Potentially the trickiest area was involving parents in messages about tobacco and alcohol when many of them smoked and drank. But schools often found they were the keenest their children should get healthy messages.
PRIDE has also brought parents into the school and helped give them confidence in their own ability to educate their children - an effect that has benefits for the rest of the curriculum.
The Manchester team is confident enough in the pack to be offering bulk discount to other local authorities. They are now working on a follow-up resource for key stage 2.
Northamptonshire's coalition against drug abuse is working the other way - following up its well-received secondary school pack with a resource for primary schools.
Tackling Drugs in the Primary School is less attractively produced than the PRIDE pack, but more detailed and fully argues its reasoning for what it describes as its "different approach".
It says that most drug education is simplistic and falls into one of three patterns: Just Say No; teaching the facts and leaving the (informed) choice to the pupils; or teaching the skills needed to resist drugs. Those approaches, it argues, are either ineffective or counter-productive. Instead the scheme aims to change attitudes, and allow children to develop skills, values and knowledge to reject drug use. "Children who make up their minds to take drugs have built up their attitudes by the time they leave primary school," says co-author Robin Burgess. "This is very much about catching them early."
The pack is intended as a practical resource, to help in running classroom activities and formulating school policies - even in spotting signs of drug abuse in parents and children and giving basic first aid.
A useful glossary of terms such as addiction and tolerance - often used but not always fully understood - is included, as is a reading list of follow-up reading and current legislation and police procedures.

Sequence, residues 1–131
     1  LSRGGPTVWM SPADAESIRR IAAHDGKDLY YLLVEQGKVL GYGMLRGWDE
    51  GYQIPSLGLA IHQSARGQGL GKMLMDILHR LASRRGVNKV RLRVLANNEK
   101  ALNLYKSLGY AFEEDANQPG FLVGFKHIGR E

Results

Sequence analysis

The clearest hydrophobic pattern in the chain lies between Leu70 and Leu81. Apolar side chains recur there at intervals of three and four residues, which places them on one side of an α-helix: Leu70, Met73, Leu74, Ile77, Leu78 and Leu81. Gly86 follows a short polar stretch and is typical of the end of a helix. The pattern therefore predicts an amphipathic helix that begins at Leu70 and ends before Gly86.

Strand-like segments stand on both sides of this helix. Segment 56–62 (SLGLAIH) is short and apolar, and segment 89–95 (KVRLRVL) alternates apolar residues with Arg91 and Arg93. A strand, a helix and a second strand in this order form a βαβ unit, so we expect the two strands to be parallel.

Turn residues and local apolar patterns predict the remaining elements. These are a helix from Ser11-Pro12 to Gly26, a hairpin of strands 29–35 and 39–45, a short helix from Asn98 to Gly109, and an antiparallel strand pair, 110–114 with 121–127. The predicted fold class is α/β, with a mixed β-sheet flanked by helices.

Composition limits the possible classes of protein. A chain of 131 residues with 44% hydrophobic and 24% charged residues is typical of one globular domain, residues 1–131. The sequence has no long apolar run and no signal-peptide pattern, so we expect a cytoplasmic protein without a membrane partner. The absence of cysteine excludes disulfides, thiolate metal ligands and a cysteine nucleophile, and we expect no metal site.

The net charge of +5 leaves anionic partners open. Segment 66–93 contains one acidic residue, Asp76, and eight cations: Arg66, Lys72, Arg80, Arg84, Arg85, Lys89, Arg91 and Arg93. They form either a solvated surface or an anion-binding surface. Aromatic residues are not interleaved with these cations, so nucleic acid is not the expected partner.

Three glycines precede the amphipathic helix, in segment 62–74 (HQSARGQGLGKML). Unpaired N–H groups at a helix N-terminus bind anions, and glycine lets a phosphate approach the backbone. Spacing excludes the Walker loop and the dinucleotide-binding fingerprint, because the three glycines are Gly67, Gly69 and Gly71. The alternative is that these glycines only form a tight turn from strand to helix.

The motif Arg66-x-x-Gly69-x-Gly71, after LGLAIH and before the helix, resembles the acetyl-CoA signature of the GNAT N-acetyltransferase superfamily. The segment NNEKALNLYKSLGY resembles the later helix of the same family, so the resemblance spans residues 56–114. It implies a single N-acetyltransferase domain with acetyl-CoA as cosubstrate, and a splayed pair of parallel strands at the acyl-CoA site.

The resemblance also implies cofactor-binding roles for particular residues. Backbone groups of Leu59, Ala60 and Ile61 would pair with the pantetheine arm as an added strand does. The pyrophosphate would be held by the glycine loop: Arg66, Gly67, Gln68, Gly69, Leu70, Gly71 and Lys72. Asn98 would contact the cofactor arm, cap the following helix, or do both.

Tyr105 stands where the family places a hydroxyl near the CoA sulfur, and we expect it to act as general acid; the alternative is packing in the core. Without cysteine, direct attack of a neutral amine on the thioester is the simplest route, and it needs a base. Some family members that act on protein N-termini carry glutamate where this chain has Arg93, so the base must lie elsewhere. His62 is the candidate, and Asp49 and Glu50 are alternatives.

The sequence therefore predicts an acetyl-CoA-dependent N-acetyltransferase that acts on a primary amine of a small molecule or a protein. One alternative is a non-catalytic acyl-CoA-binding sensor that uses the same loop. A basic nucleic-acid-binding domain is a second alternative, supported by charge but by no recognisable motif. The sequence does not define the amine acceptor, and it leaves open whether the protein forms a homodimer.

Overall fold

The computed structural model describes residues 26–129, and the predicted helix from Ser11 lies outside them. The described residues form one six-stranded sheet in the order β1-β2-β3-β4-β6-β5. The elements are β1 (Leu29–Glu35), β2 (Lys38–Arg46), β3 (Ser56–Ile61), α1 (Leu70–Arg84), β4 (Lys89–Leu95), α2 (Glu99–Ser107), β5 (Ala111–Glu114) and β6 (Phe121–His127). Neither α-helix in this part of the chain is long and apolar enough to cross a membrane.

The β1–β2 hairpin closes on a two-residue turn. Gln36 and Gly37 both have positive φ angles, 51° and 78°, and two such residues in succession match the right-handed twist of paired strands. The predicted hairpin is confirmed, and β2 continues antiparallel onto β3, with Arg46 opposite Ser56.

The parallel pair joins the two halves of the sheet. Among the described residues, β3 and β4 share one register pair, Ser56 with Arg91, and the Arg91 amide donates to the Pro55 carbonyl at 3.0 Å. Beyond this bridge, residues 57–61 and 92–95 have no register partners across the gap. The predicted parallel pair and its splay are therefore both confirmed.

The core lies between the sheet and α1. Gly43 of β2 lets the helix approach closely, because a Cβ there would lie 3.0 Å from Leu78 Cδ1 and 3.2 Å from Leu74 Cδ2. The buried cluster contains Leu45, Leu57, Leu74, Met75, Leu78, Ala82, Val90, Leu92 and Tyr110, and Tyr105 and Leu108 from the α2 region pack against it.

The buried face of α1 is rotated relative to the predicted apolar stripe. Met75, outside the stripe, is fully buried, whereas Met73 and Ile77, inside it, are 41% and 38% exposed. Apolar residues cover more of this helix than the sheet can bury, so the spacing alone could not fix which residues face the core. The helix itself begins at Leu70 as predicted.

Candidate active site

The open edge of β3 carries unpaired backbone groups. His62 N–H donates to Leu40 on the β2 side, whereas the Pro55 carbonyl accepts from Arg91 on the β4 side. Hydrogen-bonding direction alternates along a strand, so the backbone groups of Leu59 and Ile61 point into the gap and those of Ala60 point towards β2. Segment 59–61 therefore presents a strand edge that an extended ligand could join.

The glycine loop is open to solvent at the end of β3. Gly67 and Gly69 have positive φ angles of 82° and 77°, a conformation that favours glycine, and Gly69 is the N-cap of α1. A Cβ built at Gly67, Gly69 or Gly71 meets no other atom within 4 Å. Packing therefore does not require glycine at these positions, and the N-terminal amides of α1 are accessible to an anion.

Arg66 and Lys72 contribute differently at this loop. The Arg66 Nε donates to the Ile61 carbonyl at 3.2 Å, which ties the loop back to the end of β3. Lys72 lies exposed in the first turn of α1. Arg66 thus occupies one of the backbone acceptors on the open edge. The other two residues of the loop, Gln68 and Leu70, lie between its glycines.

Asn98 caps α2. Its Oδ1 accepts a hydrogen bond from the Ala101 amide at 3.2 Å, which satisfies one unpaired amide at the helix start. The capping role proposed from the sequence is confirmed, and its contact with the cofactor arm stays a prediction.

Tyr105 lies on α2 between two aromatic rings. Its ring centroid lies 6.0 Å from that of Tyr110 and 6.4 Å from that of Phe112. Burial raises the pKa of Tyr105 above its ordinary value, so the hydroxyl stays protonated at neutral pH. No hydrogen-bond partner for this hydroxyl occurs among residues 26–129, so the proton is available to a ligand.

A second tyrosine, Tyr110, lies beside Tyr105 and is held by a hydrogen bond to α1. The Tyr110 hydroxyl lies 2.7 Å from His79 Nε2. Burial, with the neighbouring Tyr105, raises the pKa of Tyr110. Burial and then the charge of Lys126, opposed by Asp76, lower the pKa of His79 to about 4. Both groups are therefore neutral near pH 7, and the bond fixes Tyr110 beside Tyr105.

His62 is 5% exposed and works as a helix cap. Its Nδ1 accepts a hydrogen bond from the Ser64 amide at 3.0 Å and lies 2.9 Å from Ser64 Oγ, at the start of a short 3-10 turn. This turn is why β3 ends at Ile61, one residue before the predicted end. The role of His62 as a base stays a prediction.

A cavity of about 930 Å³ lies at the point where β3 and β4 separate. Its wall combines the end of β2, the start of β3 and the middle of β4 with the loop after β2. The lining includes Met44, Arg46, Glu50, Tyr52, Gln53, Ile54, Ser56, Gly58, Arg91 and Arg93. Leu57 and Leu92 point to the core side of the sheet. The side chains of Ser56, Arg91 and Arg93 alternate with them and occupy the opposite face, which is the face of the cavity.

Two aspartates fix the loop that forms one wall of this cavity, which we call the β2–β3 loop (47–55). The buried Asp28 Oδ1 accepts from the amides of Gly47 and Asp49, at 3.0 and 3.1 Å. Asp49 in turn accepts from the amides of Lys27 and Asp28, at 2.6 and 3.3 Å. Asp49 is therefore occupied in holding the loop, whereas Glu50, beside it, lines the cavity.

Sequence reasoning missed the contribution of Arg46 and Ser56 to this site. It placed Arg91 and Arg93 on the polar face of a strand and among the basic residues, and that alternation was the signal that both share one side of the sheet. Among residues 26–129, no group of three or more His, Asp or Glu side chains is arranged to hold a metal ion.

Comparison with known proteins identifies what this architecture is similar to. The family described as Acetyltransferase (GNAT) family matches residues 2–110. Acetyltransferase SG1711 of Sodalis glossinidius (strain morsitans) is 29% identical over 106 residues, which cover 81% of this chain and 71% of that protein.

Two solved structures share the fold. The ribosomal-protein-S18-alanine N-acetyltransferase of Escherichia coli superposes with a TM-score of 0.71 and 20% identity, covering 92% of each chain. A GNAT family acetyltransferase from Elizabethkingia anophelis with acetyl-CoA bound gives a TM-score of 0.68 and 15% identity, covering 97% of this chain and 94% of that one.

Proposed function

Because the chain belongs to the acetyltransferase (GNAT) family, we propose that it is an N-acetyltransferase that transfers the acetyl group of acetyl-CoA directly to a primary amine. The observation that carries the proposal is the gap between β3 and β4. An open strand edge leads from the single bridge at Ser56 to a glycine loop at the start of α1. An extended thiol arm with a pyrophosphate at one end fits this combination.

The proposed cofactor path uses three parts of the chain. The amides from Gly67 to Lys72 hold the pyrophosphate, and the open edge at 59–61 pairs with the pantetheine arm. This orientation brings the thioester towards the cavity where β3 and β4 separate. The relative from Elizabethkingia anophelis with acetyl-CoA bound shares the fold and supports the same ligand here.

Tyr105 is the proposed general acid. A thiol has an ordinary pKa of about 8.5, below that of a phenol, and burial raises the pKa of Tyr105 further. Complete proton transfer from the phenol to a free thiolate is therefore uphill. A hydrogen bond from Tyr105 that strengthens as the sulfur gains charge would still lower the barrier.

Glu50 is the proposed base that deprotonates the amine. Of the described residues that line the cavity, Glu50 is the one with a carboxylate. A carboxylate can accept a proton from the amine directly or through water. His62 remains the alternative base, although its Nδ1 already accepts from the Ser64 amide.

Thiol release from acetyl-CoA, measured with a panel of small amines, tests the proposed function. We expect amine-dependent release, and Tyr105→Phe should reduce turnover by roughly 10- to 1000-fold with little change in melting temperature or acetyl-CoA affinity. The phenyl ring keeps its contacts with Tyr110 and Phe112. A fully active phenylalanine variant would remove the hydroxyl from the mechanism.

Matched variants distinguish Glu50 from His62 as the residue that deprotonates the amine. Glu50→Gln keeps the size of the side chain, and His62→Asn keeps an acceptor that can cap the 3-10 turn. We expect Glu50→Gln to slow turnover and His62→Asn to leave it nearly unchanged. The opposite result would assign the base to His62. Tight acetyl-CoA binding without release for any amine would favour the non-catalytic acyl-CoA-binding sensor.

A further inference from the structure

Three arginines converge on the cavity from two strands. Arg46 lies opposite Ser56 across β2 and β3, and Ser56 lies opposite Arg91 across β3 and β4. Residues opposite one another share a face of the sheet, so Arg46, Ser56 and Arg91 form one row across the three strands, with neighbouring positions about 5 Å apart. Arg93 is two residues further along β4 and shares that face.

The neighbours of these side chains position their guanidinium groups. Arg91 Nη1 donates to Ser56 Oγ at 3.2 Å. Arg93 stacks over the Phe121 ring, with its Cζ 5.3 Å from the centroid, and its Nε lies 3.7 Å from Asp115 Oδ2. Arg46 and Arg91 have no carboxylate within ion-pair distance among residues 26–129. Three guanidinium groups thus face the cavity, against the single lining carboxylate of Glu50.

Classroom activities begin by assessing what children already know about drugs and go on to look at different situations through which they can discuss courses of action and learn about dangerous or anti-social behaviour.
Different activities are suggested for different age groups. As in PRIDE, many look closely at the home and the beneficial as well as harmful effects of household, prescribed and illegal drugs. There is a greater emphasis on friends and community, and the programme becomes more sophisticated for older children with discussions about why people take drugs and activities to help pupils recognise when somebody is trying to persuade them.
NIADEC's standpoint is unashamedly moral: drugs may be enjoyable but they damage society and individuals. It resists the idea that people take drugs through peer pressure but accepts they take them because they are fun. "Much drug education takes place in a moral vacuum - here are the facts, make a choice. This is very different," says Robin Burgess.
"A lot of teachers wonder if they should be teaching morality. Wesidestep that - we're not interested in moral relativism. This is a pragmatic decision we came to on our reading of what drugs do to individuals and society."
PRIDE - Parents' Role In Drugs and Safety Education
Produced by Manchester Inspection and Advisory Service Published by D2. Available from Manchester IAS, The Acorn Centre, Royal Oak Road, Manchester M23 1EB. Pounds 24.50 including postage. Special rates for orders of 20 or more copies.
Tackling Drugs in the Primary School Produced and published by NIADEC (Northamptonshire Inter-Agency Drugs Awareness and Education Committee) Available from Council on Addiction in Northamptonshire, 81 St Giles St, Northampton NN1 1JF.
Pounds 16 including postage.
PRIDE - Parents' Role In Drugs and Safety Education
Produced by Manchester Inspection and Advisory Service Published by D2. Available from Manchester IAS, The Acorn Centre, Royal Oak Road, Manchester M231EB. Pounds 24.50 including postage. Special rates for orders of 20 or more copies.